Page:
Exploring Club vs. NCAA
Brad Perkins is a senior at Liberty University and regularly attends athletic events on campus. Last year he purchased a $50 season pass to watch hockey games at LaHaye Ice Center.
“I understand why we have to pay for hockey games because (that is) the way they have to cover costs,” Perkins said. “I [do not] mind paying because I know it helps provide and keep the hockey team playing.”
Perkins is just one of many who are willing to pay to attend hockey games but do not understand why they have to pay admission to hockey games while their Flames pass admits them to football games, basketball games, volleyball and the like. This is because hockey at Liberty is a club sport, not an NCAA sport.
For Perkins and for the student body, let us dive into the difference of club sports and NCAA programs.
There are many club sports at Liberty. Of the 45 sports teams at Liberty, 25 are classified “club organizations.” NCAA sports operate out of the Hancock building, while the Club Sports Office is in LaHaye Ice Center.
Fans of club sports such as hockey have to pay to attend home games while getting into any NCAA event at Liberty is free. Liberty Athletic Director Jeff Barber said admission to home NCAA games is covered in each student’s activities fee. This benefit does not extend to club sports.
Where does the money for club sports come from, if not from the university? Some students believe that club sports teams have to raise their own money while the university covers all the expenses for NCAA teams; which is largely a true statement.
Kirk Handy, Director of Club Sports, said that while club sports receive less financial backing than NCAA teams, the university does recognize the importance of club organizations and provides limited financial assistance. Club sports also raise money through a variety of fundraisers (such as Hockey ticket sales) and team members also pay team dues.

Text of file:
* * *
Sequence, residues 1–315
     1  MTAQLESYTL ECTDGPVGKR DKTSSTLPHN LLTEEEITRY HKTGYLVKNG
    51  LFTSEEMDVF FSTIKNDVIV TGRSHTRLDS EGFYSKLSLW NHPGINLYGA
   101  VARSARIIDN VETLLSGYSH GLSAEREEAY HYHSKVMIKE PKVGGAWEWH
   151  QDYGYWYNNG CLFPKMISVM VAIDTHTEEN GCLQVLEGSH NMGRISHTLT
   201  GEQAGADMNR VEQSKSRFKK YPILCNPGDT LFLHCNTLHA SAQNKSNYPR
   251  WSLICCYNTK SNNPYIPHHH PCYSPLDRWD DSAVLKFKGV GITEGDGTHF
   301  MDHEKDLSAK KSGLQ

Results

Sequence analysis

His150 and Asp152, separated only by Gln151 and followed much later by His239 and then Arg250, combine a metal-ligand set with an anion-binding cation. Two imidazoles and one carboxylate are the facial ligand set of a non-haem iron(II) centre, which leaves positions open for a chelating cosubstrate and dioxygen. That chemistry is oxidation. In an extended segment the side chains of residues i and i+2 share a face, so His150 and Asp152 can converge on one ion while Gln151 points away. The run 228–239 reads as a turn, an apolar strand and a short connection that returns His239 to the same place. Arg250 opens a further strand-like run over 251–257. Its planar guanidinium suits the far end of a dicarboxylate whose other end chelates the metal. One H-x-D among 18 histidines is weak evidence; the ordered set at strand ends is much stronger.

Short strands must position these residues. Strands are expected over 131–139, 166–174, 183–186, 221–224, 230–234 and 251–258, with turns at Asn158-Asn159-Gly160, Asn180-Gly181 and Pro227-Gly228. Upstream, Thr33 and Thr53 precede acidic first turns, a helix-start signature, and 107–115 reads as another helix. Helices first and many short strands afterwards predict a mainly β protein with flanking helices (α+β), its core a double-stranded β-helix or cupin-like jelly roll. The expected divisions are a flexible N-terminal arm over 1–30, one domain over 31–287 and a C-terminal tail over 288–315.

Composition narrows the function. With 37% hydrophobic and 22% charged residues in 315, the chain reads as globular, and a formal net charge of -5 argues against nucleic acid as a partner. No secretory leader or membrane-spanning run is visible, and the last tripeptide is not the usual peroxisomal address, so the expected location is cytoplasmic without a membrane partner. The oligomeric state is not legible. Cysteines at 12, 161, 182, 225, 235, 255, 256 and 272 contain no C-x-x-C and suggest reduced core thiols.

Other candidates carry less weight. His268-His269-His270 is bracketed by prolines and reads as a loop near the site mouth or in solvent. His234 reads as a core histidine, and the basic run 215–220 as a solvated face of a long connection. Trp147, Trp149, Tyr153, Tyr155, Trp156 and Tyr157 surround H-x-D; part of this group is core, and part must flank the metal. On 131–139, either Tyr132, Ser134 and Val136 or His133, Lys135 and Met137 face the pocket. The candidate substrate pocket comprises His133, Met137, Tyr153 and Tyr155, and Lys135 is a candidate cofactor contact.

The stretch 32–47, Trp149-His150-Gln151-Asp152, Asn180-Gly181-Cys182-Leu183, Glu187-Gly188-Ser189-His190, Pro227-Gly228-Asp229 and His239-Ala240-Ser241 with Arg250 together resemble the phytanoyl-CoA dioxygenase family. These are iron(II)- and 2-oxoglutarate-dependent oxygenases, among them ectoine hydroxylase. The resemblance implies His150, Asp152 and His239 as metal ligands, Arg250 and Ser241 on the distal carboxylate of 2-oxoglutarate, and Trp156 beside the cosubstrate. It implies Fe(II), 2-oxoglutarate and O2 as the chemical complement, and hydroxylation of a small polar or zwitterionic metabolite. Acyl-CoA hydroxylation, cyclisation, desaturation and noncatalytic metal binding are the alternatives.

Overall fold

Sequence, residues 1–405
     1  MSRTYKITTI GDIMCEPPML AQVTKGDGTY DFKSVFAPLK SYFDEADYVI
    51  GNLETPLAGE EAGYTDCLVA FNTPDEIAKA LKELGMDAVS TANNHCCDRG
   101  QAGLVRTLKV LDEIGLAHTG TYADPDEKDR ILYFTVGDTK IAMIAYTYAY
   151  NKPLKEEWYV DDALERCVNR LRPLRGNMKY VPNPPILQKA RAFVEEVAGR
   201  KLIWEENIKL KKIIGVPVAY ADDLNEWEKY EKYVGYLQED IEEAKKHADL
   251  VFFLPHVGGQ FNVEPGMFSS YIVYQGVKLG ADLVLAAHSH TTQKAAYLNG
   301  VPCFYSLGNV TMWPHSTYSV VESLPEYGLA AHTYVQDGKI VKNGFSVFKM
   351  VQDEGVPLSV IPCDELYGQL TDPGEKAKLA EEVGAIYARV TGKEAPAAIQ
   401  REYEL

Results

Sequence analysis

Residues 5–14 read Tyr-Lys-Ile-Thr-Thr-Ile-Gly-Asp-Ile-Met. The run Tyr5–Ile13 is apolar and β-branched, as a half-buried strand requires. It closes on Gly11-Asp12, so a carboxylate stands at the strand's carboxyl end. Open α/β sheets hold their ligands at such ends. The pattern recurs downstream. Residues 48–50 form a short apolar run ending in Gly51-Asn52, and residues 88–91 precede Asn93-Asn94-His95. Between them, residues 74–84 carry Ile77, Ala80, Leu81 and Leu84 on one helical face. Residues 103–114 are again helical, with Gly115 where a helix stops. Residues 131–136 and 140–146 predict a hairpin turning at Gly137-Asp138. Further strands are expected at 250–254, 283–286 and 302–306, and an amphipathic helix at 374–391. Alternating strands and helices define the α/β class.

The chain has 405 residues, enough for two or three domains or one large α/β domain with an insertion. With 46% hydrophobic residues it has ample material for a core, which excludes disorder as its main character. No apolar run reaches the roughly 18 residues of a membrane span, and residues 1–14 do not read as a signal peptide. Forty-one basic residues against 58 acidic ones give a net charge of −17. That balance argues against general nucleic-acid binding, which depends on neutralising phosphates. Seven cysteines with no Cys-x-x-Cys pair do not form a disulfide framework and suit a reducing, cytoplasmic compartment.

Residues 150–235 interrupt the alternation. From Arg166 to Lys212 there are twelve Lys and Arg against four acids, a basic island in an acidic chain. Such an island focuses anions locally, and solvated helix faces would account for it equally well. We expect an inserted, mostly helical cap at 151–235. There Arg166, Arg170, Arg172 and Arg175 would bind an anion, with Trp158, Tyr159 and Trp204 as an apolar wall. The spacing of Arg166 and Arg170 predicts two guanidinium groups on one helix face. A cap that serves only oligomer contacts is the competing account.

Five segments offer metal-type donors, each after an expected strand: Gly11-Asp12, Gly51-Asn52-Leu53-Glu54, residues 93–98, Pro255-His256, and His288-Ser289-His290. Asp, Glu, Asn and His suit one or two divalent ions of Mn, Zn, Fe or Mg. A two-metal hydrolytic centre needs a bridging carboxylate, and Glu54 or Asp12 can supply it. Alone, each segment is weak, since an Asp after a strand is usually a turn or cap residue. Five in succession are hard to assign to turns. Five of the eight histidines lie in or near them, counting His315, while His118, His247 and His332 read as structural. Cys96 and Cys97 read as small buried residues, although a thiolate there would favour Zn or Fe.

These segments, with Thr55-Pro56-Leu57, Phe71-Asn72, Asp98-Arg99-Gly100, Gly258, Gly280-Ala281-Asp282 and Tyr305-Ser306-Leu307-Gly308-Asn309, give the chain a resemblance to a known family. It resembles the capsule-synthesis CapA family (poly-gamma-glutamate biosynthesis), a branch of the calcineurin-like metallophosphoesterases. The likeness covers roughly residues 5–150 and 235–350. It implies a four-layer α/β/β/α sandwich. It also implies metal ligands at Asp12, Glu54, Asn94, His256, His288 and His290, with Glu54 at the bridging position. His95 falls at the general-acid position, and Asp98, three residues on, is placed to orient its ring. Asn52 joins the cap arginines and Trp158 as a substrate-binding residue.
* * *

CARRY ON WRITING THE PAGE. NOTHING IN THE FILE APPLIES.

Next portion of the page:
With full time coaches, NCAA compliance, and scholarshiped athletes, the NCAA sports require more money than do the club sports.
Barber said NCAA athletics at Liberty organizes their programs into three parts: scholarships, operation and salary.
Athletics raises part of their money, while the university provides most of the needed funding.
“The basic difference is we (do not) give out scholarships, all team members pay some money out of their pocket, and our coaches are part time,” Handy said.
There are approximately 500 NCAA student-athletes at Liberty but not all receive scholarships. Liberty currently offers 213 scholarships and these are split up over the 500 student-athletes.
However, scholarships are strictly a function of NCAA teams. There are around 300 student athletes competing on club sports teams who do not receive them.
Fans often wonder why hockey, the most popular club sport on campus, has yet to become an NCAA sport.
Barber gave possible reasons men’s hockey remains a club sport.
Proportionality as defined by Title IX of the Education Amendments of 1972 gives criterion for how many NCAA men’s or women’s teams a school can have.
Barber said proportionality is the principal that requires sports teams to reflect the gender population ratio of a school within one percent. Liberty enrolls 53 percent women and consequently cannot add more men’s teams.
Title IX is not an issue for club sports because there is no overarching body that regulates club sports.
“Each program has a governing body that has rules and regulations,” Handy said.
In addition to legal obstacles, logistical — and by result, monetary — issues present themselves.
“Nobody’s playing Division I hockey in our competitive region,” Barber said.
Barber said a competitive region is everywhere within a 350 mile radius. Most Division I hockey programs are in the north and thus because of sheer distance are too expensive to travel to for competition.
Club sports are growing fast at Liberty as demonstrated by this past year’s five team expansion.
“We want to recruit and retain students through club sports,” Handy said. “This also creates more options for students interested in competing and more options for those students interested in attending these events.”